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05/25/2020 19:58 EDT

Calgary Bans LGBTQ Conversion Therapy, Federal Ban Still In The Works

The federal conversion therapy ban has yet to be debated in the House of Commons.

Jeff McIntosh/The Canadian Press
Calgary Mayor Naheed Nenshi marches with Olympians Samuel Edney, centre and Shannon Rempel during Calgary's pride parade on Sept. 1, 2013.

The City of Calgary is the latest Canadian municipality to ban LGBTQ conversion therapy

The bylaw passed its first reading unanimously in council Monday, following two weeks of heated debate and discussion from Calgary’s faith and LGBTQ communities. The second and third readings passed 14-1, with only opposition from one councillor. 

“Sometimes in this job, sometimes, we get to just do what’s right,” Calgary Mayor Naheed Nenshi said ahead of the vote.

Having passed the three readings with no changes, the bylaw is now officially in effect. Any business practice seeking to change someone’s gender or sexual identity is now banned in the city.

The new bylaw specifically defines “conversion therapy” as a “practice, treatment, or service designed to change, repress, or discourage a person’s sexual orientation, gender identity, or gender expression, or to repress or reduce non-heterosexual attraction or sexual behaviour.” 

WATCH: What is conversion therapy? Story continues below.

 

Businesses and individuals found to be in violation of the bylaw face a fine of up to $10,000.

The Canadian Psychological Association (CPA) condemned the practice in a policy statement in 2015, noting that it can lead to “negative outcomes such as distress, anxiety, depression, negative self-image, a feeling of personal failure, difficulty sustaining relationships, and sexual dysfunction.”

Monday’s vote followed weeks of heated discussion and debate from the city’s LGBTQ and faith communities since council initially approved a motion to begin crafting the bylaw in early February. A marathon 27-hour session of submissions last week saw vocal proponents on both sides come forward. 

In an open letter, representatives from 23 organizations that serve Calgary’s LGBTQ community applauded council for the bylaw. 

“This bylaw has been prepared in full consultation with all stakeholders, supported by expert researchers, lawyers, and administrators to create the strongest bylaw possible to protect Calgarians,” they wrote. 

Nenshi said the process of crafting the bylaw and the conversation around it demonstrated how vital and necessary it is.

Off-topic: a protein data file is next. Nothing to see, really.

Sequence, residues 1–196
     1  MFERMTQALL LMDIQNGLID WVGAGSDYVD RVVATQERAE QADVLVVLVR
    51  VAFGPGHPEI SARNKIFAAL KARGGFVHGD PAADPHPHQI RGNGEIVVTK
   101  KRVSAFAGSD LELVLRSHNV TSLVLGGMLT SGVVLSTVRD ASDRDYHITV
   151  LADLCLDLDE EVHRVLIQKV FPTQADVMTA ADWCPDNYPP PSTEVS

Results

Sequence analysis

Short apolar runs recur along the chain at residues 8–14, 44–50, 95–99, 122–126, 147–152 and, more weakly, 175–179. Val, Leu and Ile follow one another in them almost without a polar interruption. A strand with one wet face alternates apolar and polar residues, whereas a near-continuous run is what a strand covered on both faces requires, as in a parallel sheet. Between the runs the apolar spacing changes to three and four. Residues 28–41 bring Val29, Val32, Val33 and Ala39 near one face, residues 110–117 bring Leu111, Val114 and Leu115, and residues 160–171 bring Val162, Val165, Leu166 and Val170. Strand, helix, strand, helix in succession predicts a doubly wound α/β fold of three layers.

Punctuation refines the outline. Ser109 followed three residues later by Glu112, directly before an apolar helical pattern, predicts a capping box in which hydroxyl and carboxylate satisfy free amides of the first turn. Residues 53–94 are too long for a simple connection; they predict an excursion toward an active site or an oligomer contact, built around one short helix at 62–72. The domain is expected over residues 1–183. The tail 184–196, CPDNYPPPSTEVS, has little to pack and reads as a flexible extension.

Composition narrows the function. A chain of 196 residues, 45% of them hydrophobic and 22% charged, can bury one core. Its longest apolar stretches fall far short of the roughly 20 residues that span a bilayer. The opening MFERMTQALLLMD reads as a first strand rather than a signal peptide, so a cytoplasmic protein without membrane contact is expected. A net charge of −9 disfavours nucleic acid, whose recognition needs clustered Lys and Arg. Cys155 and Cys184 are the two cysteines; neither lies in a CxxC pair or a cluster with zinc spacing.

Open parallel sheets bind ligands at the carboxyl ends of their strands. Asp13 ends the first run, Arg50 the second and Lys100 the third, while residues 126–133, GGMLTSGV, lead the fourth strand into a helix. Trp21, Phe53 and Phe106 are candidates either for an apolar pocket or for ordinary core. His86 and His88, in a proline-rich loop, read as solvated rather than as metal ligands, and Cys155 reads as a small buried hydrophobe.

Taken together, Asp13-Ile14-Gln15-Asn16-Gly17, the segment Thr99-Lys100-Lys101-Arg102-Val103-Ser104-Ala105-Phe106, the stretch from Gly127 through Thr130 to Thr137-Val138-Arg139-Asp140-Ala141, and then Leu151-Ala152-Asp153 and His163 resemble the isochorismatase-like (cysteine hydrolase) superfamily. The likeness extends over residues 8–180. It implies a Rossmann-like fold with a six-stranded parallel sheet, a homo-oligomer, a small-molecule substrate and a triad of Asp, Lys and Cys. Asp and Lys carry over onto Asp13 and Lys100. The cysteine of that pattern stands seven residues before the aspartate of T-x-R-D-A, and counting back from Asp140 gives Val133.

Sometimes in this job, sometimes, we get to just do what’s right.Calgary Mayor Naheed Nenshi

“If there’s anything that I’ve learned in these past few weeks, it’s that the battle continues,” he said. “There are forces out there of anger and hatred that our gender and sexually diverse brothers and sisters deal with every day.”

During Monday’s discussion, Councillor Jeromy Farkas gave an impassioned recount of his own experiences as an openly bisexual man, and how a friend told him he could “pray it away.”

“Today I am so fortunate to be in a position where I am loved, accepted and able to contribute in a meaningful way,” Farkas said. 

“There will be some who say this is just virtue-signalling, but i think it is worth sending the signal of the kind of city we are and who we want to be.”

MacEwan University professor Kristopher Wells, whose research specializes in conversion therapy bans, called the Calgary bylaw one of the “most comprehensive” pieces of legislation in the world.

According to Wells, Monday’s vote makes Calgary the seventh municipality in Alberta and eighth in Canada to ban conversion therapy. 

Prime Minister Justin Trudeau’s Liberal party included a federal ban on the practice in its election platform last fall, promising to work with provinces and territories to make changes to Canada’s Criminal Code to ban the “harmful and scientifically disproven practice, especially against minors.”

A federal bill to ban the practice was announced by the Liberal government in early March just before the COVID-19 pandemic surged in Canada.

“Conversion therapy is premised on a lie,” Minister of Justice David Lametti said at the time.

The bill has yet to be debated in the House of Commons. 

On Monday, Calgary city council left open the opportunity to rejig its exact definition to align with any federal bill that passes.

Nenshi even predicted the feds may actually opt to build their definition based off of Calgary’s “comprehensive” one.

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